Three of the ongoing studies are designed to explore the safety and efficacy of BIC/FTC/TAF compared to triple-therapy regimens containing dolutegravir in treatment-naïve patients and virologically suppressed patients switching from an existing antiretroviral regimen with dolutegravir. A fourth study in virologically suppressed patients compares switching to BIC/FTC/TAF versus remaining on a suppressive regimen of two nucleoside/nucleotide reverse transcriptase inhibitors and protease inhibitor.
Because people with HIV are living longer and are increasingly likely to be taking medication for other conditions, such as heart and liver disease, they are exposed for longer periods of time to the virus and to the medications used to treat it. Therefore, new, effective treatment options are needed that are also tolerable, and offer convenient dosing.
Helping to fulfill this need, Gilead’s once-daily single tablet regimen Odefsey for the treatment of HIV-1 in certain patients, was granted approval in the EU in June 2016, and in the U.S. in March 2016. Odefsey combines Gilead’s emtricitabine and tenofovir alafenamide (marketed as Descovy) with rilpivirine, marketed by Janssen Sciences Ireland UC, a Johnson & Johnson company. Following the approval of Genvoya in November 2015, Odefsey is Gilead’s second STR based on the Descovy backbone to receive marketing authorization in the EU and is currently the smallest pill of any STR for the treatment of HIV.
Additionally, the European Commission approved Gilead’s once-daily Truvada for reducing the risk of sexually acquired HIV-1. This represents the first antiretroviral medicine to be licensed in Europe for pre-exposure prevention, in combination with safer-sex practices, to reduce the risk of HIV-1 in high risk adults.
To maintain its position in the top 10, Gilead needs a new outlet. So far, its oncology efforts have been challenged. Its only approved oncology asset is idelalisib, marketed as Zydelig, which is a second line therapy with boxed warning in three indications: Relapsed chronic lymphocytic leukemia (CLL), in combination with rituximab, in patients for whom rituximab alone would be considered appropriate therapy due to other co-morbidities; Relapsed follicular B-cell non-Hodgkin lymphoma in patients who have received at least two prior therapies; and Relapsed small lymphocytic lymphoma (SLL) in patients who have received at least two prior therapies. Needless to say, Zydelig hasn’t taken off in the oncology sector as anticipated.
Other oncology pipeline assets include: Andecaliximab, an MMP9 inhibitor currently in Phase III trials in gastric cancer, entospletinib, a SYK inhibitor in Phase II in acute myeloid leukemia, and hematopoietic and lymphoid malignancies; and tirabrutinib, a BTK inhibitor in Phase II for B-cell malignancies, as well as couple candidates in early development.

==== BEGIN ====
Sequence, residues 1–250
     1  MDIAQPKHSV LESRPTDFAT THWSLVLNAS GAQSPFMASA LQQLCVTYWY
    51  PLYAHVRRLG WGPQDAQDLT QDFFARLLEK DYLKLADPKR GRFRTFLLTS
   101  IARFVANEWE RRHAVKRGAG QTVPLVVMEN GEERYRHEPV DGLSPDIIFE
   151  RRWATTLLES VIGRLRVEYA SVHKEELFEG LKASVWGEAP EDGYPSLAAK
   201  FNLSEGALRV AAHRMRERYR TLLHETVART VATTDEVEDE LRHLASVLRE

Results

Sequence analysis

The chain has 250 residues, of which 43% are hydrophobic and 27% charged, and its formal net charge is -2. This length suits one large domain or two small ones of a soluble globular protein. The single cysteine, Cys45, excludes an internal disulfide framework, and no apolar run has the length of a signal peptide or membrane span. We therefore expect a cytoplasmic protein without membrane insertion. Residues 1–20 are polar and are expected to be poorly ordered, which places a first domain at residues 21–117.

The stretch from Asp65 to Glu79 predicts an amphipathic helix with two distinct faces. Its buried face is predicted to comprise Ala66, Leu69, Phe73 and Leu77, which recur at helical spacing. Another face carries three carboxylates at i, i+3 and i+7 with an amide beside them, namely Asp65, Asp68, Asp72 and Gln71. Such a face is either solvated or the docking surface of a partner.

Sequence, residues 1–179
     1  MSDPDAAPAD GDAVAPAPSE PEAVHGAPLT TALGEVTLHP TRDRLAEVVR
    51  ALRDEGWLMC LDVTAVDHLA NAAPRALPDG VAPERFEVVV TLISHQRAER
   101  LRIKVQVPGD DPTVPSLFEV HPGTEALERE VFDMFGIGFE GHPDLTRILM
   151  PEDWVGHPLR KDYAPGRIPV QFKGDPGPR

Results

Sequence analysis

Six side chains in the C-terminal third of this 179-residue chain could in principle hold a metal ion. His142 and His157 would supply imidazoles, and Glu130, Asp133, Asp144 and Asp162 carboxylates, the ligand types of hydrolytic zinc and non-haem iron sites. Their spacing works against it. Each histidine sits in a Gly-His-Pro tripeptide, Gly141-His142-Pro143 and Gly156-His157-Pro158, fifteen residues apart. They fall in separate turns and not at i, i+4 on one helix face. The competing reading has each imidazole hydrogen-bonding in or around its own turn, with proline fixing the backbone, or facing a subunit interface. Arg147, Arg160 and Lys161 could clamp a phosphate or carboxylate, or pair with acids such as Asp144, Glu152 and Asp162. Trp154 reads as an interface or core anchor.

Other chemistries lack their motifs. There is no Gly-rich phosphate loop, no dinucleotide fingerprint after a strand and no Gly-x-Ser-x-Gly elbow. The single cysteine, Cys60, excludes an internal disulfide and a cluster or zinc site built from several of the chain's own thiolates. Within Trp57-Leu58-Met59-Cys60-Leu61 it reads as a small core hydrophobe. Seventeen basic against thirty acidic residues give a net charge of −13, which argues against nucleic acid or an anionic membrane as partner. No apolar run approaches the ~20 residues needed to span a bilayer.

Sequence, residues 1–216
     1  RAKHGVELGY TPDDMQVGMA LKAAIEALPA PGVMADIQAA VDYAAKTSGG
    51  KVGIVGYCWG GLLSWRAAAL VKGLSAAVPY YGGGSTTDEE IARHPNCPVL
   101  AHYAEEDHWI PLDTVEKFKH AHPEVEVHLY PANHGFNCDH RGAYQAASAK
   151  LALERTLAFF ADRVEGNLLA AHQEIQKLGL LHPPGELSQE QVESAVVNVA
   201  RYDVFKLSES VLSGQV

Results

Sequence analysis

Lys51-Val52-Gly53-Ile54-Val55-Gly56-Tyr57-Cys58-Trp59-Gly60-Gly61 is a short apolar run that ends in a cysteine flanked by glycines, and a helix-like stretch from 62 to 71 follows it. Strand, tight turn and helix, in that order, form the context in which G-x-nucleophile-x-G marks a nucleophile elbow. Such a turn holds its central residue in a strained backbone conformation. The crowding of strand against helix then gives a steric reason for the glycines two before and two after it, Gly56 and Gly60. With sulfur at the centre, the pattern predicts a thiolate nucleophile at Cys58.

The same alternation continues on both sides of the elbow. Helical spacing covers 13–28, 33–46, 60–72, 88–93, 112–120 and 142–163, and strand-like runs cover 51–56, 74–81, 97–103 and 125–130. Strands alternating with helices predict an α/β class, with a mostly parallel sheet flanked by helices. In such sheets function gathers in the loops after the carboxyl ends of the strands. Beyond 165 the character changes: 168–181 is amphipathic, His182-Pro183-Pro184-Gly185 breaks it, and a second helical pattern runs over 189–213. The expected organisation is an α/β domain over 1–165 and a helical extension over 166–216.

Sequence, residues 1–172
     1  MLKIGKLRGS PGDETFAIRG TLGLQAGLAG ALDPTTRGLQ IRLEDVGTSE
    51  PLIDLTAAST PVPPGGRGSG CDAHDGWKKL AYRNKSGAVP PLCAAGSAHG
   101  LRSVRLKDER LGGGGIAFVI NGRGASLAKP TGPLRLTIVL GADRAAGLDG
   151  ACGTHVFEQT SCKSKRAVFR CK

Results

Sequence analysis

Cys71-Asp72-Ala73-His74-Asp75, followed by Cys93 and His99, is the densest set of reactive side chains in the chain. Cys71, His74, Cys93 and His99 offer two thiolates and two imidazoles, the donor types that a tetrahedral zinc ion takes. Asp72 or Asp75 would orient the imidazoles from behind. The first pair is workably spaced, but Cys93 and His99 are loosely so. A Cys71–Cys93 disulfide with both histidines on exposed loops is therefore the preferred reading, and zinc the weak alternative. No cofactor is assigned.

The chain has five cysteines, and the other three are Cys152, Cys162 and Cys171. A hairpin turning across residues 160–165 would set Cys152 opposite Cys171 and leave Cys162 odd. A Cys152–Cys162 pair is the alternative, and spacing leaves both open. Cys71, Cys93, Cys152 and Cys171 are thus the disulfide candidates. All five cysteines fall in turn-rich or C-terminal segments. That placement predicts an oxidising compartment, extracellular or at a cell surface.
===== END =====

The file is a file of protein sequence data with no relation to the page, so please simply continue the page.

In November, Gilead achieved top-line results from two Phase III trials (SIMPLIFY 1 and 2) that evaluated momelotinib, an investigational inhibitor of Janus kinase (JAK) compared to ruxolitinib or best alternative therapy (BAT) in myelofibrosis, a relatively rare bone marrow cancer. The SIMPLIFY-1 study achieved its pre-specified primary endpoint of non-inferiority to ruxolitinib for splenic response rate, defined as the percentage of patients experiencing a 35% reduction in spleen volume, but SIMPLIFY-2 failed to achieve its primary endpoint of superiority of momelotinib compared to BAT in patients previously treated with ruxolitinib.
In the “other” category, NASH, or nonalcoholic steatohepatitis, is a therapeutic area being pursued by Gilead, and several other drug developers. Allied Market Research estimates that the global market is expected to reach $1.6 billion by 2020. The high prevalence of Type II diabetes and obesity, which leads to NASH and other nonalcoholic fatty liver diseases, has created this market. North America has the highest rates of NASH and other nonalcoholic fatty liver diseases and Europe ranks second in terms of the prevalence.
Results from a Phase II trial evaluating the investigational apoptosis signal-regulating kinase 1 (ASK1) inhibitor selonsertib alone or in combination with the monoclonal antibody simtuzumab (SIM) in NASH and moderate to severe liver fibrosis, demonstrated regression in fibrosis that was, in parallel, associated with reductions in other measures of liver injury in patients treated with selonsertib.
While competition for Gilead’s top franchises took its toll in 2016, HCV and HIV assets moving through the pipeline are likely to put this antiviral authority back on top—remaining there may prove more difficult. A breakthrough product in oncology, cell therapy, or NASH is needed in the long term.